When our knowledge about a particular thing is extended by a new attribute or relation of which we are sure that the thing concerned has it, this normally is a further determination of its nature for us. The class of predicates for which this does not hold is that of 'nondeterminative predicates'. Take, for example, being a thing (or being-a-thing). This is an 'attribute' every thing in the domain of discourse has. Being part of the universe cannot even be an attribute and is also conceptually nondeterminative. Being classifiable and collectable (in a set-theoretical sense) are of the same type. Being itself (regardless of domain) or being a thing (in a particular domain) is the common denominator for all nondeterminative 'attributes' of this kind. Strictly speaking, there is only one 'attribute' of being or existence: existentiality. This is what all (existing) beings (which are things in some domain) have in common. (As existence is something all beings have in common --predicative or nonpredicative, primary, secondary or whatever-- it is nonsensical to suggest that existence or existentiality would be a first-order predicate or that it would be of any other, definite order. Typical of existence is precisely that it is of no particular, predicative order.)

A thing must always have 'the attribute of existence' if such a universal pseudo-attribute is conceptually recognized. It is something else, however, whether the idea or concept of a thing denotes something in reality and whether a conceptual combination of predicates, or predicates and parts, is a real thing (rather than a mere set collected by its creator). The thing one has in mind may, then, be an object or other nonbasic thing, it may also be a predicate. Imaginary things (such as gods, demons and other supernatural 'beings') are but too often saddled not only with impossible combinations of predicates but also with impossible predicates.

Attributes and relations which are predicated of a thing while thinking about it, and which the thing would not have if it were not conceived of, or had not been conceived of, are a mere result of a person's own reflections on the thing in question. The name we shall use for this type of nondeterminative predicate is reflectional predicate. Reflectional predicates are not determining for the things considered but for the considerations, thoughts or reflections themselves. Being thought of is a reflectional predicate, and so is being denoted by an atomic expression in the language. (Other examples have already been mentioned in 1.7.2.) Whereas, theoretically, universal attributes such as the attribute of existence belong to all (real) beings, members of the subclass of reflectional predicates belong only to a certain category of things. Thus being-collectable may be a universal attribute, being-collected (in a general, set-theoretical sense) is a reflectional predicate. And when collecting is used in a concrete, everyday sense being-collected is even a determinative primary predicate (or rather pseudo-predicate, as we will see).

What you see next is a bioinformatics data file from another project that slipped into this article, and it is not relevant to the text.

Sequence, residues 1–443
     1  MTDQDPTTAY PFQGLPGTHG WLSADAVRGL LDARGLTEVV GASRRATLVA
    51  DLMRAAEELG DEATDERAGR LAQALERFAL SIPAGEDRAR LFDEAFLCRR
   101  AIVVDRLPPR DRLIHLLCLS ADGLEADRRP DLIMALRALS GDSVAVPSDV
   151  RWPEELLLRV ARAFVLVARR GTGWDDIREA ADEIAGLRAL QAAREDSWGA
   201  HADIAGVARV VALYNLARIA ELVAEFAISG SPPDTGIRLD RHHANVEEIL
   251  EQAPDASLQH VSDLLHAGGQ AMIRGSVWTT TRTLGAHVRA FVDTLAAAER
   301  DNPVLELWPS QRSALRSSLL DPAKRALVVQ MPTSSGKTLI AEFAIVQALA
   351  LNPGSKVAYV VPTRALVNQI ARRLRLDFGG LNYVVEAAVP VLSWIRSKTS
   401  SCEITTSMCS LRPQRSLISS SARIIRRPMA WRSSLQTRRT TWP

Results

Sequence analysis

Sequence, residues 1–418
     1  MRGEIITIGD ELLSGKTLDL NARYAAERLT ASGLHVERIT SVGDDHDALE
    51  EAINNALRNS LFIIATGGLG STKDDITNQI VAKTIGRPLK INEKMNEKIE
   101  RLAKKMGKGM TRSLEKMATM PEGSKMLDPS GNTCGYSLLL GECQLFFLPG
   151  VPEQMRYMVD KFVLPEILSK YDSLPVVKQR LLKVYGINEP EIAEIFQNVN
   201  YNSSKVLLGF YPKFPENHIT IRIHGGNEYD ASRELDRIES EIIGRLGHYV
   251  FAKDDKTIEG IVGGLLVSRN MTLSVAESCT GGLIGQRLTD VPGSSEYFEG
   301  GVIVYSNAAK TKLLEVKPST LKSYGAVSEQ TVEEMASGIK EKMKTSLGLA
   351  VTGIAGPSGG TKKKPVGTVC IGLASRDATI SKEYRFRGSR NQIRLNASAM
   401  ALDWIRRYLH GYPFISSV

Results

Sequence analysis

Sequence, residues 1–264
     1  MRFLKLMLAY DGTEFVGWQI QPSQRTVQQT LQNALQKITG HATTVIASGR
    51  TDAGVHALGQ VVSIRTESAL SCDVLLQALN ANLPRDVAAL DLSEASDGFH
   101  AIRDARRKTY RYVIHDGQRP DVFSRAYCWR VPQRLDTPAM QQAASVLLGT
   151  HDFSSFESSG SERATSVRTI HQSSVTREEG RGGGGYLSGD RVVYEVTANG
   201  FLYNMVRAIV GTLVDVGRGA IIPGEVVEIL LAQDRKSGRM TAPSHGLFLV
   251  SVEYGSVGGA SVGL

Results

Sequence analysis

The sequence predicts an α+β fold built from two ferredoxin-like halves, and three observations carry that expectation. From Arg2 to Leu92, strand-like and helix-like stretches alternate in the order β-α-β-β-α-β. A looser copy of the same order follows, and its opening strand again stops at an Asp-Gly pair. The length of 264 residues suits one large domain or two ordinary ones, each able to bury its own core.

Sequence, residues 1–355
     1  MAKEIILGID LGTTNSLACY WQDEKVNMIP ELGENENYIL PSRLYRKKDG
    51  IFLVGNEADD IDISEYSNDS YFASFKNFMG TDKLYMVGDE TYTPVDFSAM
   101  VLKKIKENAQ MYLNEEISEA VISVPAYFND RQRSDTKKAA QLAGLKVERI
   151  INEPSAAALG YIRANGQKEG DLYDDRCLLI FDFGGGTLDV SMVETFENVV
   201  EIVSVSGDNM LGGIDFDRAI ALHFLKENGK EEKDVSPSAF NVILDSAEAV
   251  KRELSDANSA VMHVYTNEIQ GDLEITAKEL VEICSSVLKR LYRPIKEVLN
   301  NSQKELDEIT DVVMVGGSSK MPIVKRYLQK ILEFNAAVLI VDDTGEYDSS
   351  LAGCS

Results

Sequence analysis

To decide whether or not 'two' things are identical, one cannot look at their universal attributes, because those attributes are precisely what they are supposed to have in common as beings or as things in the domain in question. And, altho one could, one must not take their reflectional predicates into account either when discussing the possible identity of 'two' things. Even to be able to pose the very question itself one must have given the 'two' things different names or descriptions to start with. But 'having-the-name-a' or 'having-the-name-b' is a reflectional attribute which is not determinative for the thing, nor is 'being-written-' or 'having-one's-name-written-on-the-left-hand-side' and 'being-written-on-the-right-hand-side' with respect to, say, a sign of equality (a = b). It is but too easy to confuse distinctions in one's own reflections on reality with distinctions, or rather the lack thereof, in reality itself. Of course, distinctions in our thought are also distinctions in reality. But then, they are distinctions in a sort of propositional reality, not in the reality the thought is about.

Like universal predicates, reflectional predicates do not belong to any predicative order either. They cannot be classified as first-order (being only the predicate of something that is not a predicate itself), second-order (being only the predicate of a first-order predicate) or higher-order, because they simply are not real predicates of the thing conceived of. In reality they stand for a predicate of the thinker 'imself, or of 'er thought, and as such they are of the first predicative order but not as a reflectional attribute or relation of the thing thought about. Whereas universal and reflectional predicates belong to the category of nondeterminative predicates, it is the category of determinative predicates in which we find the primary, secondary and higher-order predicates we have already been acquainted with.

©MVVM, 41-56 ASWW

Model of Neutral-Inclusivity
Book of Instruments
Catenas of Attributes and Relations
Other Predicates from a Catenical Perspective